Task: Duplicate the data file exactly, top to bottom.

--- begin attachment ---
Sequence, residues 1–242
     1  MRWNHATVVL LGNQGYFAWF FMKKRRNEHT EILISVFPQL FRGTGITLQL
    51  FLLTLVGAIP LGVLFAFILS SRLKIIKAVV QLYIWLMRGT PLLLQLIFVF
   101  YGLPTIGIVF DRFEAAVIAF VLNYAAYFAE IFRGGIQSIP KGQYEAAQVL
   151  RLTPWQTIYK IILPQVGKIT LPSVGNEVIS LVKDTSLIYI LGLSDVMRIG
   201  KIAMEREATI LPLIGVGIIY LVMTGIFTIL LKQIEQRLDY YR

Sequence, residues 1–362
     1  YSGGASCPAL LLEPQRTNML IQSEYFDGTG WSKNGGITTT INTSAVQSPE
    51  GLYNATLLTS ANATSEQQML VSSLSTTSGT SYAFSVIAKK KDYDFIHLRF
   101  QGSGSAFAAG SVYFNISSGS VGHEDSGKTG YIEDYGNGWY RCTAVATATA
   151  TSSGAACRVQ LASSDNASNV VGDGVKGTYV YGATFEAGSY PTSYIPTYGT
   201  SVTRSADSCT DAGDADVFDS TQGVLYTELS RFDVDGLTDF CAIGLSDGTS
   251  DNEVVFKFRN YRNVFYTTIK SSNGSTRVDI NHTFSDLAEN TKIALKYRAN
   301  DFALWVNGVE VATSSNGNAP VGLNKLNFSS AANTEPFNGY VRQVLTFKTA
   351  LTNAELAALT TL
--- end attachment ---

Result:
Sequence, residues 1–242
     1  MRWNHATVVL LGNQGYFAWF FMKKRRNEHT EILISVFPQL FRGTGITLQL
    51  FLLTLVGAIP LGVLFAFILS SRLKIIKAVV QLYIWLMRGT PLLLQLIFVF
   101  YGLPTIGIVF DRFEAAVIAF VLNYAAYFAE IFRGGIQSIP KGQYEAAQVL
   151  RLTPWQTIYK IILPQVGKIT LPSVGNEVIS LVKDTSLIYI LGLSDVMRIG
   201  KIAMEREATI LPLIGVGIIY LVMTGIFTIL LKQIEQRLDY YR

Sequence, residues 1–362
     1  YSGGASCPAL LLEPQRTNML IQSEYFDGTG WSKNGGITTT INTSAVQSPE
    51  GLYNATLLTS ANATSEQQML VSSLSTTSGT SYAFSVIAKK KDYDFIHLRF
   101  QGSGSAFAAG SVYFNISSGS VGHEDSGKTG YIEDYGNGWY RCTAVATATA
   151  TSSGAACRVQ LASSDNASNV VGDGVKGTYV YGATFEAGSY PTSYIPTYGT
   201  SVTRSADSCT DAGDADVFDS TQGVLYTELS RFDVDGLTDF CAIGLSDGTS
   251  DNEVVFKFRN YRNVFYTTIK SSNGSTRVDI NHTFSDLAEN TKIALKYRAN
   301  DFALWVNGVE VATSSNGNAP VGLNKLNFSS AANTEPFNGY VRQVLTFKTA
   351  LTNAELAALT TL